The 1839 Tithe Apportionment and Map
The tithe was an annual payment of an agreed proportion (originally one-tenth) of the yearly produce of the land, which was payable by parishioners to the parish church, to support it and its clergyman. Originally tithes were paid ‘in kind’ (wool, milk, honey, fish, barley etc.). By 1836 tithes were still payable in most of the parishes in England and Wales, but the Government had decided on the commutation of tithes—in other words, the substitution of money payments for payment ‘in kind’ all over the country— and the Tithe Commutation Act was passed in 1836. A survey of the whole of England and Wales was undertaken in the decade or so after 1836, to establish boundaries of land, acreage of fields, and states of cultivation, and parish or district tithe maps showing all plots subject to tithe were produced. The date for Thornbury’s survey was 20th July 1839.
What is a Tithe Apportionment?
When an overall value for the tithe in a parish or district had been determined, the tithe rent-charge had to be apportioned fairly among the lands of differing quality and various uses in the parish, and for this purpose a tithe apportionment linked to the map was drawn up. In the case of Thornbury, William Routly of Kilkhampton and John Mallet of Great Torrington were appointed as valuers.* For Thornbury the gross rent charge payable to the Titheowner in lieu of Tithes was set as £235 10s. There were 223.62018 Bushels of Wheat, 396.63158 Bushels of Barley and 570.90909 Bushels of Oats grown (surprisingly these were given as decimal parts of the Imperial Bushel) Wheat was priced at 7s 0¼d per Bushel, Barley at 3s and 11½d and Oats at 2s 9d. The document then goes on to name all of the landowners and occupiers in order to apportion the charges as a type of land tax.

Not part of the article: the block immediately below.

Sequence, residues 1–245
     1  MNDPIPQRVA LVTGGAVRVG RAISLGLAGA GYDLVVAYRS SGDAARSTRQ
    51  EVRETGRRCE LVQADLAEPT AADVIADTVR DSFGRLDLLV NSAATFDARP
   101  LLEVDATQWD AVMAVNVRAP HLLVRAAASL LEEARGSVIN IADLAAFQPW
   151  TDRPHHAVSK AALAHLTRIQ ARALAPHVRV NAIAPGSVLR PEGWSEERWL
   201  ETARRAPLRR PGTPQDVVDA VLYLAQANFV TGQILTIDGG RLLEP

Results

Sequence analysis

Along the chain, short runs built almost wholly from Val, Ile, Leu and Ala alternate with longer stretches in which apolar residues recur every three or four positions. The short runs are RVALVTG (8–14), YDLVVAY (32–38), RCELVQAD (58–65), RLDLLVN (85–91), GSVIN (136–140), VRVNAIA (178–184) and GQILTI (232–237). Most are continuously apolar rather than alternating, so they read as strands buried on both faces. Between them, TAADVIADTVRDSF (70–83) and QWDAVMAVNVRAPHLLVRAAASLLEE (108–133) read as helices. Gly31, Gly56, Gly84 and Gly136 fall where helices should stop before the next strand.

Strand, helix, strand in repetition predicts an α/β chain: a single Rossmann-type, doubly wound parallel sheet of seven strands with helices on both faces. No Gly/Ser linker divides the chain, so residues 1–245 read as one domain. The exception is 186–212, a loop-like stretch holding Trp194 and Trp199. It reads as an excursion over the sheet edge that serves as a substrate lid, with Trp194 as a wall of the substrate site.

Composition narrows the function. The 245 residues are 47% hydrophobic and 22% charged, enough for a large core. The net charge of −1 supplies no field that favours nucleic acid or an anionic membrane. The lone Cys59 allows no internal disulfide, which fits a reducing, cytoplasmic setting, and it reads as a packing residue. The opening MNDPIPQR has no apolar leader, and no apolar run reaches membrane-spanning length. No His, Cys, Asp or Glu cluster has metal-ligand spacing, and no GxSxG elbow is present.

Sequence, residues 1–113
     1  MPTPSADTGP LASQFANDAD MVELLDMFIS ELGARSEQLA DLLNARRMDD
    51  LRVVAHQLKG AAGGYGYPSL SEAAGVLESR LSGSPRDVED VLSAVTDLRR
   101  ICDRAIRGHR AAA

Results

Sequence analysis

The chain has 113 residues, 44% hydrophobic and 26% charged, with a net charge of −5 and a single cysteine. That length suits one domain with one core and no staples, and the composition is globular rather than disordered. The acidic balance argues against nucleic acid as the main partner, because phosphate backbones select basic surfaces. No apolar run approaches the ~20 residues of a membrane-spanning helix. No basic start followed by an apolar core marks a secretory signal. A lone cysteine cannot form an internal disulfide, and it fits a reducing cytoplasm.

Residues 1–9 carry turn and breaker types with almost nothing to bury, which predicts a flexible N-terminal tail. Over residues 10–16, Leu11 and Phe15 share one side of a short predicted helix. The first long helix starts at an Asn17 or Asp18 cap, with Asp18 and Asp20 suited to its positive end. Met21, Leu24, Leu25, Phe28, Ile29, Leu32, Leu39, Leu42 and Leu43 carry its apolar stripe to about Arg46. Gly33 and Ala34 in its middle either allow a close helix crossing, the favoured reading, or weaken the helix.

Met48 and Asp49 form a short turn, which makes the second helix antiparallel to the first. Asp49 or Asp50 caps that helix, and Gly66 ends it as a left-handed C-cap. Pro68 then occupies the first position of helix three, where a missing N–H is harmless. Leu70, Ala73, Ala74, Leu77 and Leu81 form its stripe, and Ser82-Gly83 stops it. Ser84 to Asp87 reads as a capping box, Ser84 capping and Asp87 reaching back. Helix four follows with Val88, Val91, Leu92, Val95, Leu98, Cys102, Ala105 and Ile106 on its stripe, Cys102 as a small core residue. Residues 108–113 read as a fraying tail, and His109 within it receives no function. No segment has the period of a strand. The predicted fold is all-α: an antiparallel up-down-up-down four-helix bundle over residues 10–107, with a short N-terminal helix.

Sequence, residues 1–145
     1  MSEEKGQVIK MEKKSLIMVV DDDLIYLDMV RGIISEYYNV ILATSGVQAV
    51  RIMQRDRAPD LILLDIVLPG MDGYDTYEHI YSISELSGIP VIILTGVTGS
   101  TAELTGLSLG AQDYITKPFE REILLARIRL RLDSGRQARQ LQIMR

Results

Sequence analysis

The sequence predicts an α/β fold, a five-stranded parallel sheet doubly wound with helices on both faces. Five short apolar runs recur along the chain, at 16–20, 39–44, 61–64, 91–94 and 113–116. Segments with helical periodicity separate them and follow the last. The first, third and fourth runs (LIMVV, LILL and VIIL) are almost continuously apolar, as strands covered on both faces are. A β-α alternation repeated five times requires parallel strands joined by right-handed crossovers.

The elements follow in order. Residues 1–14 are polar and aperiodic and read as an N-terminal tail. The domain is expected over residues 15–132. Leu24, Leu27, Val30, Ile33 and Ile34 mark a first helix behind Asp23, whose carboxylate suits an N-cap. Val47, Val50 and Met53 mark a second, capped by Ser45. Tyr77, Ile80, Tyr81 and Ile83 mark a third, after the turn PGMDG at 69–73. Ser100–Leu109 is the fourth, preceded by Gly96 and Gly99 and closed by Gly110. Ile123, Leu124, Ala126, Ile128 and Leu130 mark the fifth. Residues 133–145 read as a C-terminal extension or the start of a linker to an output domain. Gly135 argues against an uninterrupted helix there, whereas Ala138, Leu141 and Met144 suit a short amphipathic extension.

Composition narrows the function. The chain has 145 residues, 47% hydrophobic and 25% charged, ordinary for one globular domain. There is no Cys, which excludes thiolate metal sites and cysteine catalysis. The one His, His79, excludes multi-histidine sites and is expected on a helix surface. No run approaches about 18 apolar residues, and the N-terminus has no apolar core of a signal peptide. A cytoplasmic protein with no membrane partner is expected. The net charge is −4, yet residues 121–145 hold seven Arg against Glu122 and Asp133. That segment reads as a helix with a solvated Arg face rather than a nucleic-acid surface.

*(In 1841 John Mallet was a Land Agent born about 1771 living in Peters Marland and William Routly was a farmer born about 1786 in Holsworthy and living in Kilkhampton.)
As well as the digitised Tithe map, I have a digitised copy of the Apportionment Document, although this has not yet been transcribed for Thornbury so is not searchable. However, if you know the number of the field from the map, it is an easy matter to find this number on the document and see who owned and held to land.